“Anything you can do I can do better / I can do anything better than you,” opens the duet between Annie Oakley and Frank Butler in the Broadway musical, Annie Get Your Gun. Throughout the number, Annie proves exactly how much better she is than Frank at such activities as singing, shopping, and shooting a gun. The song has become the go-to anthem for competitions between girls and boys. Outside of Broadway, the playful lyrics also can be used to describe perplexing findings about the clinical psychology of autism, a neurodevelopmental disorder characterized by impaired social interaction skills and repetitive behaviors. Contemporary psychiatric research has often shown that girls seem to overcome the social disabilities found in autism better than boys. A study led by Katarzyna Chawarska, director of the Yale Early Social Cognition Lab, offers new evidence for how this developmental resilience may arise in girls.
“Autism is very heterogeneous,” Chawarska said. “It can express differently in boys and girls.” For over 70 years of research, autism has been found to be more prevalent in boys than girls. Frederick Shic, director of the Yale Technology and Innovation Lab, said that the autism research community is making a greater effort to focus on girls with the disorder. Shic, who worked closely with Chawarska in the Yale-based study, added that their team’s aim was to improve the understanding of this difference between the sexes.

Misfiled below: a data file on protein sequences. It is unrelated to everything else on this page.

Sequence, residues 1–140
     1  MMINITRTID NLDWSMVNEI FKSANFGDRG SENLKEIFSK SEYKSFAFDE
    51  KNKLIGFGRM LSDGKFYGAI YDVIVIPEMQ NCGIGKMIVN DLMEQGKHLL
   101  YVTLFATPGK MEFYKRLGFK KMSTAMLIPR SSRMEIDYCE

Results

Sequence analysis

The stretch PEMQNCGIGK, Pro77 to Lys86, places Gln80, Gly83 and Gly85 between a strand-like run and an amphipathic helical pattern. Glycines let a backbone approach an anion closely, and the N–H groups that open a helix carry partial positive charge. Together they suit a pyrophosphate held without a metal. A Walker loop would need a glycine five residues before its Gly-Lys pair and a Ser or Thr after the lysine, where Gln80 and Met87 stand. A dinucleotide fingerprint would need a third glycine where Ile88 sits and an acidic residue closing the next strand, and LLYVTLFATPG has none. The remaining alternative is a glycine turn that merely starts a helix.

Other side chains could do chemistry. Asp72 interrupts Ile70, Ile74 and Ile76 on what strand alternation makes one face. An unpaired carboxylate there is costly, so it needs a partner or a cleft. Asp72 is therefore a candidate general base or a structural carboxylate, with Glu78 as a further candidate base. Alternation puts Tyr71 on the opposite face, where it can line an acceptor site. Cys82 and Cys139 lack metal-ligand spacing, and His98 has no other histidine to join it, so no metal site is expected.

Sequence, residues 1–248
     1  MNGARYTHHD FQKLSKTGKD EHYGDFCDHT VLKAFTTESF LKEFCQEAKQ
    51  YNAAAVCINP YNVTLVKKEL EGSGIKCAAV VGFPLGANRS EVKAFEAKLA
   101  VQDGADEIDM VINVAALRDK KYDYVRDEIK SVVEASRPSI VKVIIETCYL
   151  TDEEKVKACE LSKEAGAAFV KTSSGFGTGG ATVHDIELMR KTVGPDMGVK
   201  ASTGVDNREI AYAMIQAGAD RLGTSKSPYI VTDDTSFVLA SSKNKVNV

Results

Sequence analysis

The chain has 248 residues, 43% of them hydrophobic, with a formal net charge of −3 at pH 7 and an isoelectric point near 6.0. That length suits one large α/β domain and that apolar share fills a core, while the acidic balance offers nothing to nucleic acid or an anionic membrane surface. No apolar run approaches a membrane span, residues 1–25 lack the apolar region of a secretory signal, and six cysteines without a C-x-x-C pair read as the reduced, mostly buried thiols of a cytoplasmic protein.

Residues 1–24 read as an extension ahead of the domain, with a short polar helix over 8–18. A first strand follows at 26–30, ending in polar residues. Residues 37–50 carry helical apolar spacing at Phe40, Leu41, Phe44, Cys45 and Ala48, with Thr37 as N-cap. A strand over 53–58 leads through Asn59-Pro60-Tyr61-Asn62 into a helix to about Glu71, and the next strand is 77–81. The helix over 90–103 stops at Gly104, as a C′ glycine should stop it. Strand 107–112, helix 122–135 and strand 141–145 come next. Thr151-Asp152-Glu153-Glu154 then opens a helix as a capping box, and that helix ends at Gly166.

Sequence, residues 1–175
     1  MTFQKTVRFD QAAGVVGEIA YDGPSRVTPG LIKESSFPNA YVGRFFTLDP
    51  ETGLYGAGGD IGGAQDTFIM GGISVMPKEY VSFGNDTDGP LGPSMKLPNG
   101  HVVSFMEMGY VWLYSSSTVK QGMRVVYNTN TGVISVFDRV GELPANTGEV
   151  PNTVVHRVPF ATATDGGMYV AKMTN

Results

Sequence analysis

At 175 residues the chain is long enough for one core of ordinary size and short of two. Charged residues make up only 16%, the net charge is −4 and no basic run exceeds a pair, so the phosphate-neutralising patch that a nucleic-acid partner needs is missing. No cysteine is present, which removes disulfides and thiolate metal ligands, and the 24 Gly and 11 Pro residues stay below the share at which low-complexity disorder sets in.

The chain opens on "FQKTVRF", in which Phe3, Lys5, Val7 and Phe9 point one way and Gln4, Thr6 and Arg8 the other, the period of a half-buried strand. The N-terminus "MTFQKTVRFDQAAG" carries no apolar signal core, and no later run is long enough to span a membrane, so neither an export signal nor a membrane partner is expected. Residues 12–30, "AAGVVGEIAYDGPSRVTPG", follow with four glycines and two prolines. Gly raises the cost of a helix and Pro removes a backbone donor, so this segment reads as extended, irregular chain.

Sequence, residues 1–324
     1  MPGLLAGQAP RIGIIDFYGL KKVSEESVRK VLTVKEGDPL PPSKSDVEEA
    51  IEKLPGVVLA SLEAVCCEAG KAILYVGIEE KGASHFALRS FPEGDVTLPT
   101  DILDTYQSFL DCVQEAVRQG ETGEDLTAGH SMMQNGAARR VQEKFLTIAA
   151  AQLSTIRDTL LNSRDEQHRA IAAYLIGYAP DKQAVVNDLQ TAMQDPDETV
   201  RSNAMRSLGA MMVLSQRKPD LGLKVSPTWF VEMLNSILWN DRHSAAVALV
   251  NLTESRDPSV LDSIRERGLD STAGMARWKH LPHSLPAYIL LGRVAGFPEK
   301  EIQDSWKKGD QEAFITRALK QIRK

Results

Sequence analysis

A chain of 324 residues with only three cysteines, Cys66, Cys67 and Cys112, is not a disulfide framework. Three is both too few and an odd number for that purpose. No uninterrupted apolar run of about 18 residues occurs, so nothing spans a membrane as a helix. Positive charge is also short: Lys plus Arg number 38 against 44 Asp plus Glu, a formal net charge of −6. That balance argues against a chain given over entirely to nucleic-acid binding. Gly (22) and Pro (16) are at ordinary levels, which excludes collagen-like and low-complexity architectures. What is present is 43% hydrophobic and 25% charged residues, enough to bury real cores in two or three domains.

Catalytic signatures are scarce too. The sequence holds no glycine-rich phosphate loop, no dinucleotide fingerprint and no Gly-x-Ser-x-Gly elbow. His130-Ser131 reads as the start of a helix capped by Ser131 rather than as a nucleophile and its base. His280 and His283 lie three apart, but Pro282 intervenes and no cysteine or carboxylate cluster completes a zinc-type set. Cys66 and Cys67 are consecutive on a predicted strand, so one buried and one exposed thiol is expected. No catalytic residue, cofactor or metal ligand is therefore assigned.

To better distinguish between how autism develops in boys and girls, researchers are studying younger siblings of children with autism. Previous studies have revealed that a child’s chances of developing autism increase if he or she has a sibling diagnosed with the disorder. With this observation in mind, the Yale team studied children younger than two years of age, the age at which symptoms of autism first tend to arise. Participants in the study were divided into two pools: a high-risk pool of young children who have siblings with autism and a low-risk pool with no close family history of autism. The pools were further divided into groups of boys and girls, so the team could gauge if the infants develop differently from six to 24 months of age. They used eye-tracking technology to see how often children from 6 to 12 months of age would look at social stimuli, such as human faces. The team also tracked how preoccupied these children were with non-social stimuli, such as an empty background or a toy.